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Genomics Forum · News

Neuro-Ethics Film Festival 2012 to Examine Ethical Implications of How Our Brains Govern Our Behaviour



2012 programme for Biomedical Ethics Film Festival announced.


What would it mean for people if scientists claimed to have proved that our actions were not the product of freewill, but rather resulted from the unique biological and chemical make up of each of our brains? Would we have to reconsider ethical judgements relating to the actions of individuals, and the boundaries set by society? Film-goers will be invited to explore and debate such issues around neuroscience, human behaviour and ethics at the 2012 Biomedical Ethics Film Festival – this year branded the Neuro-Ethics Film Festival – which will take place at Filmhouse, Edinburgh from Friday 23 to Sunday 25 November 2012.

The Festival will feature a range of stimulating neuro-ethically themed films and documentaries, which include: Limitless (2011) a revealing tale of the potential benefits and perils of brain enhancement, staring Bradley Cooper and Robert de Niro; the genre-setting The Matrix (1999) featuring Keanu Reeves and Laurence Fishburne; the classic Manchurian Candidate (1962) which portrays brain-washing during the Korean War; and Stanley Kubrick’s challenging portrayal of moral degeneration and mental reprogramming, A Clockwork Orange (1971). Also forming part of the Festival programme will be a “double bill” screening of two BBC Horizon documentaries: Out of Control (2011), and The Secret You (2009).

Following each screening the audience will have the opportunity to debate issues raised in the film with an expert panel. Experts participating in these discussions include: former Bishop of Edinburgh, The Rt Rev. Brian Smith; leading author of medical ethics fiction, Dr Hazel McHaffie; and the Wellcome Trust Senior Research Fellow in Biomedical Ethics, Dr Martyn Pickersgill.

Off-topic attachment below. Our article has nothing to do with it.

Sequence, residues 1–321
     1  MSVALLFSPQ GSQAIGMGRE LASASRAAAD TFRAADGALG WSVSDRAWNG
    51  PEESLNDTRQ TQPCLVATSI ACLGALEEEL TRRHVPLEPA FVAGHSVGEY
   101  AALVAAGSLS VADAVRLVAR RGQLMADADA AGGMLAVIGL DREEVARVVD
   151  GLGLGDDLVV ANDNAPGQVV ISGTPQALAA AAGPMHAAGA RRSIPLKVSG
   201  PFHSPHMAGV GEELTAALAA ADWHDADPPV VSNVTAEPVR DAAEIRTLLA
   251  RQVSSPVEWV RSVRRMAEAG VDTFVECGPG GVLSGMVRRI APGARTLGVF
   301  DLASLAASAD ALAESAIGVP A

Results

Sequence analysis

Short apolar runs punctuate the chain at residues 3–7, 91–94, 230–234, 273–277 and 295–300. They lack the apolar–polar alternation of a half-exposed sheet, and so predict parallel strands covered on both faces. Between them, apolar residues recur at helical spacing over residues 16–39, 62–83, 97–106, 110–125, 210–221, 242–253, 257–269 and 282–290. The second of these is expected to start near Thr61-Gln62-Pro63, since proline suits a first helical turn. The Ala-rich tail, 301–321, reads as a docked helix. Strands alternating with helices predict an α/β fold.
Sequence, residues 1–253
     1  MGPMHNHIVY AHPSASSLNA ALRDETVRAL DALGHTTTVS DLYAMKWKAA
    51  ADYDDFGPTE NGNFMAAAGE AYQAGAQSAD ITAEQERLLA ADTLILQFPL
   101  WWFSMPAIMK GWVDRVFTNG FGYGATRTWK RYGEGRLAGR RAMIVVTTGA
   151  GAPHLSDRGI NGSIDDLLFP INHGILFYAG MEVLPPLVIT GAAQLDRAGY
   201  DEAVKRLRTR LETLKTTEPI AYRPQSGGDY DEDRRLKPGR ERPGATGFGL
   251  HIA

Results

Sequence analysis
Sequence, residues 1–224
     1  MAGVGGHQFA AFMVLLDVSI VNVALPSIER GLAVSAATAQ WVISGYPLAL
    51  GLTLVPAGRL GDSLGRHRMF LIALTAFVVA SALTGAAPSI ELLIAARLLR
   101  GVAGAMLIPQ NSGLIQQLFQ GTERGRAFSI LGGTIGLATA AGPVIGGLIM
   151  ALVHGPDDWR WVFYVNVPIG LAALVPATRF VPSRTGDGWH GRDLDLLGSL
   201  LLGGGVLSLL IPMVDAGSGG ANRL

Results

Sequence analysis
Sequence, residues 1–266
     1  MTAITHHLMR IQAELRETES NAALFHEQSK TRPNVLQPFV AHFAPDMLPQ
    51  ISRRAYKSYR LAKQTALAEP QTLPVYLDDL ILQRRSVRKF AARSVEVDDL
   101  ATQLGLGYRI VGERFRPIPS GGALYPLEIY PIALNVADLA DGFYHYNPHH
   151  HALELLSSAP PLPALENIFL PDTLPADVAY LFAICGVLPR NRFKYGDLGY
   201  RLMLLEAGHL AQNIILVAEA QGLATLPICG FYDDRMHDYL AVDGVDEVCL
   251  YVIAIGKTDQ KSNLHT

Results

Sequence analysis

Speaking ahead of the Festival, the Director of the ESRC Genomics Policy and Research Forum, said:

“Scientific developments mean our understanding of the human brain is ever increasing. But this knowledge might ultimately raise questions about the degree to which human behaviour is a product of our conscious choices, or results from the biology and chemistry of our brains. The Neuro-Ethics Film Festival provides an ideal opportunity for audiences to consider how such insight into the functioning of people’s minds might have implications not only for the individual, but society as a whole.”

Dr Calum MacKellar, Director of Research for the Scottish Council on Human Bioethics, and Festival co-ordinator commented:

“Questions around morality, social responsibility, and what governs human behaviour have always been important subjects for filmmakers. The films screened during our Festival all raise questions about the degree to which we have free will, the extent to which our behaviour is ultimately controlled by our biological brains, and the ethical implications that result from this. The discussions that follow each film – featuring experts in medicine, biology, sociology and ethics – will allow audiences to consider further the degree to which our biology influences our behaviour and what the consequences of this might be.”

Commenting on the involvement of the Mason Institute for Medicine, Life Sciences and the Law, in the Festival, Institute Deputy Director Dr Shawn Harmon said:

“New scientific knowledge and debates around the relationship between neurobiology, human free will and individual behaviour could have profound implications for how the law is understood and how it is applied. These subjects are highly relevant to the emerging work of the Mason Institute and we are therefore delighted to be supporting the Neuro-Ethics Film Festival for the first time in 2012.

“Members of the institute will undertake an active role in the wider discussions relating to the films that make up the Festival programme and we look forward to continued future involvement in the Festival.”

Rod White, Head of Programming for Filmhouse, Edinburgh noted:

“Film provides an ideal medium through which to study human behaviour and the implications this has upon wider society. Our programming at the Filmhouse frequently sets out to stimulate debate and increase understanding of important ethical issues, and that is why we are once again delighted to host the Bioethics Film Festival. The films that make up this year’s Festival consider many facets of neuro-ethics, and the moral implications that accompany them. By also encouraging audiences and experts to debate the issues portrayed in each screening, the Festival will further enhance engagement with the subjects they consider.”

The film festival is organised in partnership with: (1) the Scottish Council on Human Bioethics – www.schb.org.uk, (2) Filmhouse, Edinburgh – www.filmhousecinema.com/ (3) The ESRC Genomics Policy and Research Forum – www.genomicsnetwork.ac.uk/forum and (4) the Mason Institute, Law School, The University of Edinburgh – http://masoninstitute.org/.

For full information on the programme and panellists, visit: www.filmhousecinema.com/seasons/neuroethics-film-festival-2012

For ticket information - Visit Filmhouse website or contact Filmhouse Box Office on: 0131 228 2688 (Open from 10am - 9pm daily).


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